I continually look for new ways to gather data in iteration retrospectives. My goal is to find activities that encourage team members to think deeply about the story of their project while keeping an eye on the time budget. Timelines are a great tool for data gathering, yet they may take longer than many teams can afford in a 60-90 minute retrospective. The standard “what worked well/what shall we do differently” is short, but really takes the team directly into analysis, bypassing data gathering. Here’s an idea for a new activity I call FRIM (FRequency/IMpact).
In FRIM, the team writes 3x3 sticky notes about the events, impediments, and boons* of the iteration. (If you want to get fancy, you could use different color sticky notes for events, impediments, and boons.) Team members write sticky notes to include as many events, impediments and boons as they can remember. They may work individually or in pairs or triads if you have a larger team.
The retrospective leader draws a large 6x6 grid on the whiteboard or a flip chart-papered wall. Team members post their sticky notes on the grid according to the frequency of the event and its impact on the team.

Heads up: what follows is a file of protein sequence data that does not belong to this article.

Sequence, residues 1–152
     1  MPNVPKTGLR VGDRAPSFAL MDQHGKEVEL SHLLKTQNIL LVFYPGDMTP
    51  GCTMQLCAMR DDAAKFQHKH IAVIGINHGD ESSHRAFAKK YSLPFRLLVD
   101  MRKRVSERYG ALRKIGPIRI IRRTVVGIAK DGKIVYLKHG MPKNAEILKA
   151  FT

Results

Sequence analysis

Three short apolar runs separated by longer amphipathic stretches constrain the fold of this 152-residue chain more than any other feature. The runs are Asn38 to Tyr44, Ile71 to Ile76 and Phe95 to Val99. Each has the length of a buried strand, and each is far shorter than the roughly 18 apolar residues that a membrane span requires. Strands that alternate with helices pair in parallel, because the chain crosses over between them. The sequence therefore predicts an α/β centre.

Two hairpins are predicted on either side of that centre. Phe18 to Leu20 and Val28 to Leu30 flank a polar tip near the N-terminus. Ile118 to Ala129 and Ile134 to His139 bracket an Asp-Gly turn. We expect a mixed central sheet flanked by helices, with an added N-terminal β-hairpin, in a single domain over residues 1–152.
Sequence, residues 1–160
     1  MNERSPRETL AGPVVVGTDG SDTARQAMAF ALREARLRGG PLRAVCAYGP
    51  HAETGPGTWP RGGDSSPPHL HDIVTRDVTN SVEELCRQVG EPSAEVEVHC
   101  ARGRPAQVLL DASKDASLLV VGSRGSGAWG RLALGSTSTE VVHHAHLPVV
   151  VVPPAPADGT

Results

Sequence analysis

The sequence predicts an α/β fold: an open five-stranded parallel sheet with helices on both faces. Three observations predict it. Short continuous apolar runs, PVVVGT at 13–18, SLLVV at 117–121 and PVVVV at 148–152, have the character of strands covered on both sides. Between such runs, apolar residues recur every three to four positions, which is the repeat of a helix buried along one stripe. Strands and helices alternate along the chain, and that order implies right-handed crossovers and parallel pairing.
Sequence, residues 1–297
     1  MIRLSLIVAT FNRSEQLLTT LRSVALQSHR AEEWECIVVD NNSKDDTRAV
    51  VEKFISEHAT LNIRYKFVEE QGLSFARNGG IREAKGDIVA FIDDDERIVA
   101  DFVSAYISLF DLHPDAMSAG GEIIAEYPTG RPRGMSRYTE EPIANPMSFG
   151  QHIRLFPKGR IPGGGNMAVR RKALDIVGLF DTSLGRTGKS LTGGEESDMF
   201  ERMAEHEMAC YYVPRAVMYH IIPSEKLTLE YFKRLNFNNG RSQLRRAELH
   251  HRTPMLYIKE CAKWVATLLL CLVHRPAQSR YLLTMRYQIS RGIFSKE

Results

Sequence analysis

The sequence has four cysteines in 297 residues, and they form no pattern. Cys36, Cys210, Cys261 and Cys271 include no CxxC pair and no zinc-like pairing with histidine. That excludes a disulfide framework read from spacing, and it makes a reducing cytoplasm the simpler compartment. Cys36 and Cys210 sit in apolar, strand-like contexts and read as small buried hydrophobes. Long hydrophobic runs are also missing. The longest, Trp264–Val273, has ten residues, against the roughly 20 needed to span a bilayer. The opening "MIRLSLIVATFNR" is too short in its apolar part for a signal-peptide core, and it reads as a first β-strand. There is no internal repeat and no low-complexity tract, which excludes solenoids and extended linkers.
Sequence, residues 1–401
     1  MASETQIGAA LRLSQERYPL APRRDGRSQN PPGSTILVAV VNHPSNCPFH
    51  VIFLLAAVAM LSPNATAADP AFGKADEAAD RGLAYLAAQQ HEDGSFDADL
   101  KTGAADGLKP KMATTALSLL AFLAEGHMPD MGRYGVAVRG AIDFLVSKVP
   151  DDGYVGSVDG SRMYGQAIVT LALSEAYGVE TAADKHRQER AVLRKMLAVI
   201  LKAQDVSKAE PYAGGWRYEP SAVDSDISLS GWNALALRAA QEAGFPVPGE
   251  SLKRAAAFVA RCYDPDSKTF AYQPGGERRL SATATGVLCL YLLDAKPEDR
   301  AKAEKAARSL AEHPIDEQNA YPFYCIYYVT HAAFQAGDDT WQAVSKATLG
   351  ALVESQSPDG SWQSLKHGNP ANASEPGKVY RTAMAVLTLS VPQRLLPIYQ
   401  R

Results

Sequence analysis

Impact (vertical dimension)
5 = Maximum Impact
4 = Significant Impact
3 = Moderate Impact
2 = Some Impact
1 = Little Impact
0 = No Impact
Let each team member devise his or her own concept of relative impact, or, if time allows, hold a brief team discussion to define “maximum impact” vs. “moderate” or “little”.
Frequency (horizontal dimension)
5 = More than daily
4 = Daily
3 = Every 2-3 days
2 = 1 or 2 times in a Iteration
1 = Once or fewer times in a Iteration
0 = 2 or 3 times a Release/Rarely
When all the notes have been posted, review the overall story. Start by reading the notes in the top, right-hand cell first (5I-5F), then work across and down, focusing on impact first (5I-4F, 5I-3F, 5I-2F…) and frequency second (4I-5F. 4I-4F, 4I-3F…). As a group, discuss commonalities or patterns. Refer to the grid as you shift into a discussion of the insights gained by telling the story of the iteration.
* Boon: a thing that is helpful or beneficial, a favorable occurrence. I don’t get to use the word “boon” often enough.